Camel's Hump

Post date: May 27, 2009 6:6:46 PM

I can't explain why, but from a very young age, I have been assailed with a listless heart - as if I am ever searching for something unknown. I have found nature soothes my listlessness in a way that nothing else can. For me, the experience of being outside can be likened to something spiritual - almost meditative. While many people say they need inspiration, I feel a constant bombardment of inspiration. My inspiration is exhausting because there is not enough time for me to realize all the creative visions I have running through my mind. Hiking calms me. It completely settles the constant existential questions that gnaw at me which nothing else can quell. Like the continuous need to create, I also have an ever present need to submerge myself in the natural world - to be where I can see the direct work of God around me. I can't look at the world and deny the evidence of something much bigger than myself. Something awe inspiring. Something great. It is here that I can somehow feel the affirmation of God's goodness.

Camel's Hump, VT

And so this last weekend, John and I took the kids to Camel's Hump in VT. There we spend 2 days camping and hiking in the Green Mountains. The trip was three fold. In addition to meeting my need to find peace outside, I also got to spend some much needed time with my family. Thirdly, John and I hope to introduce the world to our children so they learn some of the magic of seeing things grow, of studying the unknown, in understanding that nature can be a place for them to retreat. I hope to impart to them a bit of David Brower's belief that "there is no science and no art of greater importance than that which teaches seeing, which builds sensitivity and respect for the natural world, a world that 'has visibly been recreated in the night'."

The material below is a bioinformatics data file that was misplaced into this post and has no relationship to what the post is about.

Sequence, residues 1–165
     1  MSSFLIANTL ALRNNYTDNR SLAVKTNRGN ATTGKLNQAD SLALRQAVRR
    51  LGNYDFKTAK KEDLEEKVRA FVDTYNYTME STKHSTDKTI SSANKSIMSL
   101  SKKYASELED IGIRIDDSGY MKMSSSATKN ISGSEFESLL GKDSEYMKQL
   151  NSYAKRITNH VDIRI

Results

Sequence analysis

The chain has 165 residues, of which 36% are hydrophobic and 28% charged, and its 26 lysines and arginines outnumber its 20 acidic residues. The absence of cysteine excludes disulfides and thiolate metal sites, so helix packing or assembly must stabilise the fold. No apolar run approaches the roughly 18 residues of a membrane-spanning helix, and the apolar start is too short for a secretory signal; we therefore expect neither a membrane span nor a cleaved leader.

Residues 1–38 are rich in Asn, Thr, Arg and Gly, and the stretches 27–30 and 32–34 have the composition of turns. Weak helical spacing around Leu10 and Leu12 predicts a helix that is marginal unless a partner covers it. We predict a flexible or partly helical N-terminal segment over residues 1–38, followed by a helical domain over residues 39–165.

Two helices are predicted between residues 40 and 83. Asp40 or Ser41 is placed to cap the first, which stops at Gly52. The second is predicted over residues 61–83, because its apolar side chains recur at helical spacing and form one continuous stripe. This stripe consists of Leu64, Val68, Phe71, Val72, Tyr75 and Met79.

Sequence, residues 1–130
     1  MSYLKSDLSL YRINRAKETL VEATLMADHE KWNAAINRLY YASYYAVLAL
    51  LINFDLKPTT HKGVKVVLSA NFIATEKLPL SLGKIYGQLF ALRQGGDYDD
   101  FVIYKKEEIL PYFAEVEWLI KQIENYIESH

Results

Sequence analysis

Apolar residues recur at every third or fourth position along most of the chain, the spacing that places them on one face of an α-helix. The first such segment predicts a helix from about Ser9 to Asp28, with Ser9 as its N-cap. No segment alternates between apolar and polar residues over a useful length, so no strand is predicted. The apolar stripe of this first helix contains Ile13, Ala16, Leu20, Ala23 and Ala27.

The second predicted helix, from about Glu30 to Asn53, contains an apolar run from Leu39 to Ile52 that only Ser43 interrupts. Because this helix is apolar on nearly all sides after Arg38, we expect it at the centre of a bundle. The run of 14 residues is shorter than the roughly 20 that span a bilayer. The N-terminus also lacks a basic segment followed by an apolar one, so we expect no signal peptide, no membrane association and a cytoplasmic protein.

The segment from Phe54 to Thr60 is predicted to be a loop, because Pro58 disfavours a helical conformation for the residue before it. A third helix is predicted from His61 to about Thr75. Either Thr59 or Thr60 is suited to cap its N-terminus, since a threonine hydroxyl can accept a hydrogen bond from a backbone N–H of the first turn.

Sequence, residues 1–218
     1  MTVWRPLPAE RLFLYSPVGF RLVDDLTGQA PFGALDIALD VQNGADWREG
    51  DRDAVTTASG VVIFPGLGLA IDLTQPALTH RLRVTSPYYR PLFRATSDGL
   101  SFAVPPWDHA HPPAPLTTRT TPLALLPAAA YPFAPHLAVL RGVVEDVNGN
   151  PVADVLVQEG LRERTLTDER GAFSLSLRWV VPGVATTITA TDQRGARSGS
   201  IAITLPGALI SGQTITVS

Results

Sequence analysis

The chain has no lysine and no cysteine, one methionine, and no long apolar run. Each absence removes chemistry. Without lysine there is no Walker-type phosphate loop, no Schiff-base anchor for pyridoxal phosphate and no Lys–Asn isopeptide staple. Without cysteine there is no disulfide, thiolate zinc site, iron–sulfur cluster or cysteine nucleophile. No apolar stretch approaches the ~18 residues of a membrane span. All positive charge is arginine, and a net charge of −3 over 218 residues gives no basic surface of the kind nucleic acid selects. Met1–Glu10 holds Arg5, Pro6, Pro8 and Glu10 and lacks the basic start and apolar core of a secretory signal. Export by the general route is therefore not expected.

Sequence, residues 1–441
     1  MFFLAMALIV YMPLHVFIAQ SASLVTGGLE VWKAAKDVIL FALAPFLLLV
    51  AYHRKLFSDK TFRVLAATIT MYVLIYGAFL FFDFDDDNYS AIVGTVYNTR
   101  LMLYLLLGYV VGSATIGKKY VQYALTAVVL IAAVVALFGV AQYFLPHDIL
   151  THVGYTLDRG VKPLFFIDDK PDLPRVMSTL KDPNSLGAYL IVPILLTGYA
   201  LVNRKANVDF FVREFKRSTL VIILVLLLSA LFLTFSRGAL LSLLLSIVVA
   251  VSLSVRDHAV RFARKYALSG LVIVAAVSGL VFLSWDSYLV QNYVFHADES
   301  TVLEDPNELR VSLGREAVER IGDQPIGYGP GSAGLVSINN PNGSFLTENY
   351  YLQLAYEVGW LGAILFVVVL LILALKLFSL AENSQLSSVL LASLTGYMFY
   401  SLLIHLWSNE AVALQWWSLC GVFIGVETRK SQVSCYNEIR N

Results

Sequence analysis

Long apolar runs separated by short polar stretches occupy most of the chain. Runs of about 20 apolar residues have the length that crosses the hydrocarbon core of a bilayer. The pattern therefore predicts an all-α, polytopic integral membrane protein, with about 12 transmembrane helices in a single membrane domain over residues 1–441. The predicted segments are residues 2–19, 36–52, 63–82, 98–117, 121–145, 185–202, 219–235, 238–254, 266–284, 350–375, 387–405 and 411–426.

We camped in a delightful campground where our campsite was secluded and had an incredible view of the lake. We let the kids explore the woods around us all afternoon and took them down to the shore where they shed their clothes and got in a little bit of BVD swimming. We wrapped up the evening with brats and s'mores. We hit the Burrow's trail up Camel's Hump nice and early and were able to summit. Seth did famously, hiking 99% of the way up - a feat for a 3.5 yr old. And both were sports given the chilly wind. There was still snow near the summit.

At the Burrow's trail head

On the summit of Camel's Hump

I have always been interested in woodland flowers, and was able to get some decent pictures that I will put in my To-Be-Felted folder. Cora found a fabulous Jack-in-the-pulpit that was all green. I had never seen one without purple on it - maybe this is a more rare species. It was quite beautiful, and Seth and Cora looked at it for a long time. We were also fortunate to see some trout lilies, red and painted trilliums, blood root, solomon's seal, ferns, downy yellow violets, forget-me-nots and countless others.


Trout lily

Red trillium

Painted trillium